- 63. Temporao JG, Penna GO, Carmo EH, Coelho GE, do Socorro Silva Azevedo R, et al. (2011) Dengue vírus serotype 4, Roraima State, Brazil. Emerg Infect Dis 17: 938–940 doi: http://dx.doi.org/10.3201/eid1705.101681.
- 64. Ministério da Saúde/Secretaria de Vigilância em Saude MS/SVS (2011) Balanço Dengue. Informe Técnico 1: 1–12 Available: http://portal.saude.gov.br/portal/saude/profissional/area.cfm?id_area=1525. Accessed: 27 September 2013.
- 65. Pereira MN, Jabor LM, Reis MR, Guimaraes C, Menezes BP, et al. (2004) Diferencas clínicas observadas em pacientes com dengue causadas por diferentes sorotipos na epidemia de 2001/2002, ocorrida no municipio do Rio de Janeiro. Rev Soc Brasil Med Trop 37: 293–295 doi: http://dx.doi.org/10.1590/S0037-86822004000400001.
- 66. Halstead SB (1981) The Alexander D. Langmuir Lecture. The pathogenesis of dengue. Molecular epidemiology in infectious disease. Am J Epidemiol 114 (5) 632–648.
- 67. Guilarde AO, Turchi MD, Siqueira JB Jr, Feres VC, Rocha B, et al. (2008) Dengue and dengue hemorrhagic fever among adults: clinical outcomes related to viremia, serotypes, and antibody response. J Infect Dis 197: 817–824 doi: http://dx.doi.org/10.1086/528805.
- 68. Figueiredo MA, Rodrigues LC, Barreto ML, Lima JW, Costa MC, et al. (2010) Allergies and diabetes as risk factors for dengue hemorrhagic fever: results of a case control study. PLoS Negl Trop Dis 4: e699 doi: http://dx.doi.org/10.1371/journal.pntd.0000699.
- 69. Mondini A, Chiaravalloti-Neto F (2008) Spatial correlation of incidence of dengue with socioeconomic, demographic and environmental variables in a Brazilian city. Sci Total Environ 393 (2–3) 241–248 doi: http://dx.doi.org/10.1016/j.scitotenv.2008.01.010.
- 70. Mondini A, Chiaravalloti NF (2007) [Socioeconomic variables and dengue transmission]. Rev Saude Publica 41: 923–930 [Portuguese]. doi:http://dx.doi.org/10.1590/S0034-89102007000600006.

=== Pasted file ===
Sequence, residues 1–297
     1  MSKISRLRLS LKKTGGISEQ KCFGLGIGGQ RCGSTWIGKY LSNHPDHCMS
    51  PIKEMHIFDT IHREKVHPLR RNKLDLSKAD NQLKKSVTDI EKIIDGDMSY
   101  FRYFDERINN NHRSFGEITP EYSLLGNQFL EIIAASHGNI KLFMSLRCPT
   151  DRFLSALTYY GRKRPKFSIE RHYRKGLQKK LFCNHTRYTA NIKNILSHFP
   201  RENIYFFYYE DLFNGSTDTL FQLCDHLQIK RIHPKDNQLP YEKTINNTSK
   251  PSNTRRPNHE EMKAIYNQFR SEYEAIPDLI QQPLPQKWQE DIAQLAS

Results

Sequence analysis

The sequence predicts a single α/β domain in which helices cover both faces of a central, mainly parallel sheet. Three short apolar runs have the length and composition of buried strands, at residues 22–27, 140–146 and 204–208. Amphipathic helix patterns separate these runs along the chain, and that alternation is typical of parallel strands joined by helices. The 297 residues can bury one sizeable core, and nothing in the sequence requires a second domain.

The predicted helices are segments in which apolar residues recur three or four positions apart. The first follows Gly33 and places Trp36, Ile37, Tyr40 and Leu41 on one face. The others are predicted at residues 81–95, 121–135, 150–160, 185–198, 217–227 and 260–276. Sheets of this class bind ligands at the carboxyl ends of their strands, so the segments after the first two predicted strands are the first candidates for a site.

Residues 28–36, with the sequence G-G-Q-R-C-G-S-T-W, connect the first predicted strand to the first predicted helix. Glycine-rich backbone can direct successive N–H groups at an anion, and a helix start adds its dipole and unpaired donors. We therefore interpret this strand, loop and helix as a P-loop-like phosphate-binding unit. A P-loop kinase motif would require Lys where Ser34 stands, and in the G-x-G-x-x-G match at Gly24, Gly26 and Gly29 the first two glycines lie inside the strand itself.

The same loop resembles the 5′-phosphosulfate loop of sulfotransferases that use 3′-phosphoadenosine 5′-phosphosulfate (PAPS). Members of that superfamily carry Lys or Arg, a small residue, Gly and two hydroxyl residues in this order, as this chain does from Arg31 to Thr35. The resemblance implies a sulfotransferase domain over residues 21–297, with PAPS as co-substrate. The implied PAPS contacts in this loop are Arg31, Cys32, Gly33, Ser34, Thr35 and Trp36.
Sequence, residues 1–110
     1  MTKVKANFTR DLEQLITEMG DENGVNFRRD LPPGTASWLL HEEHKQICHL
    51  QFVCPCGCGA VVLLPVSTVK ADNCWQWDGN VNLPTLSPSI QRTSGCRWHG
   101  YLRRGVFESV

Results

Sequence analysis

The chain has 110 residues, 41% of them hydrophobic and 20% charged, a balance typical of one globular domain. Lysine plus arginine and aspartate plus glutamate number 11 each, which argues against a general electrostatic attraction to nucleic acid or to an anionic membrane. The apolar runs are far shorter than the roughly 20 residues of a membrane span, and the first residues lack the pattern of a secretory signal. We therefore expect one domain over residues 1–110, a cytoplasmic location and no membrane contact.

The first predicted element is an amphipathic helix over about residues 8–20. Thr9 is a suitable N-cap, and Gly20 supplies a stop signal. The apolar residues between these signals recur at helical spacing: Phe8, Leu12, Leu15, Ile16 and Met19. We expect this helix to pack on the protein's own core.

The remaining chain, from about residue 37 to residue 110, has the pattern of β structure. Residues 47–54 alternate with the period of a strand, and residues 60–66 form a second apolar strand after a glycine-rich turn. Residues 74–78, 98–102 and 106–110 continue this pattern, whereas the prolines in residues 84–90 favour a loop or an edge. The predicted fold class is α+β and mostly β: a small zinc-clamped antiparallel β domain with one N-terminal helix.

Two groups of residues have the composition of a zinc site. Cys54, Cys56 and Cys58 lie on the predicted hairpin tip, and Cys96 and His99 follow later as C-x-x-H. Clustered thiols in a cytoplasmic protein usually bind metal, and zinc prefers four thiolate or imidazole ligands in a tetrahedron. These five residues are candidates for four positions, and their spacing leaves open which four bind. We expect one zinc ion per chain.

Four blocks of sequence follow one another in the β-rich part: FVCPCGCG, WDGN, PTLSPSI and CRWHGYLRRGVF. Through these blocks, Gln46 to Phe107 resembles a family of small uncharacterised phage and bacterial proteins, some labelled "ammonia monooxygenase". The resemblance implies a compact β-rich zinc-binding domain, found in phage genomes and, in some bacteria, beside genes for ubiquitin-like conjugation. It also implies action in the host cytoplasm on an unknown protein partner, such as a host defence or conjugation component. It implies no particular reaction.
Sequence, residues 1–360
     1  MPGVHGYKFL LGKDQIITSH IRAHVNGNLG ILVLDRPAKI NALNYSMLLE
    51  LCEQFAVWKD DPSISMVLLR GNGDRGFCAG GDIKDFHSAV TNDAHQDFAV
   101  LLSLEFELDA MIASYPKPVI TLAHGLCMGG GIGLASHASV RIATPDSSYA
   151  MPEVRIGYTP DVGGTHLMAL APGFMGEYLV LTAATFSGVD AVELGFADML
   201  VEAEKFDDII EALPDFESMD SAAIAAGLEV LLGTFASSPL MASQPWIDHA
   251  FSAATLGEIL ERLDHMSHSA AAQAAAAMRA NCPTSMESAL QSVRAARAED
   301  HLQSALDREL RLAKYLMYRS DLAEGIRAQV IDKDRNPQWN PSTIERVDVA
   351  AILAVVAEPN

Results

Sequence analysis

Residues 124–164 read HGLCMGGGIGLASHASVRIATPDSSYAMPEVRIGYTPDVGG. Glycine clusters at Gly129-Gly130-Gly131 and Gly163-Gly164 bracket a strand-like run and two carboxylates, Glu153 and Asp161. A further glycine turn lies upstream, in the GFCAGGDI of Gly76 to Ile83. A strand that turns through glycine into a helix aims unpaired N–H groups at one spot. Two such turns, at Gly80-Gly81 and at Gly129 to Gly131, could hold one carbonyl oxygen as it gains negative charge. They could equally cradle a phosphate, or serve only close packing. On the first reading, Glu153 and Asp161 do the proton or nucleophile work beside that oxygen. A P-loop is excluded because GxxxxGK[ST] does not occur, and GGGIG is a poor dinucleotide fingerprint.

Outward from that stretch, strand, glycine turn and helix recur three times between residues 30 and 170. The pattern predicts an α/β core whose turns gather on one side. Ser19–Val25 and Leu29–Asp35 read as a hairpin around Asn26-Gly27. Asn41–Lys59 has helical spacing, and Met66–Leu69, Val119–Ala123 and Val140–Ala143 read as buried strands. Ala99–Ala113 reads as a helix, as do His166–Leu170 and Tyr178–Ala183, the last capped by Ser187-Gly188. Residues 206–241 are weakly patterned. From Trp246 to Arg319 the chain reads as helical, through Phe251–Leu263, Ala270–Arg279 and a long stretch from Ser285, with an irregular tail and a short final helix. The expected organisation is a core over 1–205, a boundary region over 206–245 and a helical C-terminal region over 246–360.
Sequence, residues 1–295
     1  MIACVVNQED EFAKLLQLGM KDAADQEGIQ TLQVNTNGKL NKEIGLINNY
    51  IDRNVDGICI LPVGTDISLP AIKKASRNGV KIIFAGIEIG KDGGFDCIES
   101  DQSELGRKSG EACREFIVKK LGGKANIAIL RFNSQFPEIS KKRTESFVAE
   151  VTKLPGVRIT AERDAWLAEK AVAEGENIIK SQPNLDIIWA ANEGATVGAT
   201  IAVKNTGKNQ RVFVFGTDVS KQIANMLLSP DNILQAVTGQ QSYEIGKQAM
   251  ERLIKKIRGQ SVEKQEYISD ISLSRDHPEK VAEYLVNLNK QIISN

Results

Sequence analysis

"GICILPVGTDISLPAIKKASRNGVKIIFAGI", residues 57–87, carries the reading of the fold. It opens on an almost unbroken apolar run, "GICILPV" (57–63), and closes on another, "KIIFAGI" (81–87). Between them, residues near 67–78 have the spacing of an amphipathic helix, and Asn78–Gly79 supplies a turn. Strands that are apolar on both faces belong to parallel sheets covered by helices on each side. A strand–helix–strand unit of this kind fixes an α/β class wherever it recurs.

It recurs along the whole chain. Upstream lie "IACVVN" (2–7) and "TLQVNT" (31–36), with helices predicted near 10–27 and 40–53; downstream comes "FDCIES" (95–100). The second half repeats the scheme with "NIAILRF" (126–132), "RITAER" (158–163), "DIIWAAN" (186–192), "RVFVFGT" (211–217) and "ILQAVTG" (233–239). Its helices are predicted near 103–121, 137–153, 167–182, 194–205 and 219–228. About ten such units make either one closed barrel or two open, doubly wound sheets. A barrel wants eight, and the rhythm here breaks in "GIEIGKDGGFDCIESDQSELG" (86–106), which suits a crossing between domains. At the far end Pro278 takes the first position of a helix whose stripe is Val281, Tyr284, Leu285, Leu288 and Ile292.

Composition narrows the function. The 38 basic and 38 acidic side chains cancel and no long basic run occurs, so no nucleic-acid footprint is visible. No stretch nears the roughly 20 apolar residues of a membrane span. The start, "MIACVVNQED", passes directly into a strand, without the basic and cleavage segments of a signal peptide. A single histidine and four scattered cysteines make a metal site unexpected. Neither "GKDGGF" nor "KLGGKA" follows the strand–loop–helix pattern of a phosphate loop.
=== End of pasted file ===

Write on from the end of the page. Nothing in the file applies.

- 71. de Melo PR, Reis EA, Ciuffo IA, Goes M, Blanton RE, et al. (2007) The dynamics of dengue virus serotype 3 introduction and dispersion in the state of Bahia, Brazil. Mem Inst Oswaldo Cruz 102: 905–912 doi: http://dx.doi.org/10.1590/S0074-02762007000800003.
- 72. Teixeira TR, Medronho RA (2008) [Socio-demographic factors and the dengue fever epidemic in 2002 in the State of Rio de Janeiro, Brazil]. Cad Saude Publica 24: 2160–2170 [Portuguese]. doi: http://dx.doi.org/10.1590/S0102-311X2008000900022.
- 73. de Mattos Almeida MC, Caiaffa WT, Assuncao RM, Proietti FA (2007) Spatial vulnerability to dengue in a Brazilian urban area during a 7-year surveillance. J Urban Health 84: 334–345 doi: http://dx.doi.org/10.1007/s11524-006-9154-2.
- 74. Braga C, Luna CF, Martelli CM, de Souza WV, Cordeiro MT, et al. (2010) Seroprevalence and risk factors for dengue infection in socio-economically distinct areas of Recife, Brazil. Acta Trop 113: 234–240 doi: http://dx.doi.org/10.1016/j.actatropica.2009.10.021.
- 75. Blanton RE, Silva LK, Morato VG, Parrado AR, Dias JP, et al. (2008) Genetic ancestry and income are associated with dengue hemorrhagic fever in a highly admixed population. Eur J Hum Genet 16: 762–765 doi: http://dx.doi.org/10.1038/ejhg.2008.4.
- 76. Ministério da Saúde. (2002) Programa Nacional de Controle da Dengue. Brasília: Ministério da Saúde.
- 77. Pessanha JE, Caiaffa WT, Cesar CC, Proietti FA (2009) [Evaluation of the Brazilian National Dengue Control Plan]. Cad Saude Publica 25: 1637–1641 [Portuguese]. doi:http://dx.doi.org/10.1590/S0102-311X2009000700024.
- 78. Costa MdCN, Barreto FR, Coelho GE, Barreto ML, Teixeira MG. (2011) Change in the epidemiologic pattern of occurrence of dengue and dengue hemorrhagic fever in Brazil [poster P 2-508]. World Congress of Epidemiology. Edinburgh, Scotland. 7–11 August 2011.
- 79. Honório NA, Nogueira RM, Codeço CT, Carvalho MS, Cruz OG, et al. (2009) Spatial evaluation and modeling of Dengue seroprevalence and vector density in Rio de Janeiro, Brazil. PLoS Negl Trop Dis 3 (11) e545 doi: http://dx.doi.org/10.1371/journal.pntd.0000545.
- 80. Lima VL, Rangel O, Andrade VR, Silveira NY, Oliveira SS, et al. (2007) [Dengue: sero-epidemiological survey and virological surveillance in Campinas, Sao Paulo, Brazil]. Cad Saude Publica 23: 669–680 [Portuguese]. doi:http://dx.doi.org/10.1590/S0102-311X2007000300025.
- 81. Gubler DJ (2011) Dengue, urbanization and globalization: the unholy trinity of the 21st century. Trop Med Health 39 (4 Suppl) 3–11 doi: http://dx.doi.org/10.2149/tmh.2011-S05.
- 82. Gubler DG (2002) How effectively is epidemiological surveillance used for dengue programme planning and epidemic response. Dengue Bull 26: 96–106 Available: http://repository.searo.who.int/handle/123456789/15902. Accessed: 01 October 2013.
- 83. Guzman MG, Brathwaite O, Enria D, Hunsperger E, Kouri G, et al.. (2011) Dengue in the American Region. An update. Available: http://blog.tropika.net/tropika/files/2011/07/dengue-by-guzman-et-al-jun2011.pdf. Accessed: 27 September 2013.
- 84. Pan American Health Organization. (2011) Epidemiological alert: Update on dengue in the Americas. 19 August 2011. Available: http://new.paho.org/hq/index.php?option=com_docman&task=doc_view&gid=14579&Itemid=1091. Accessed: 27 September 2013.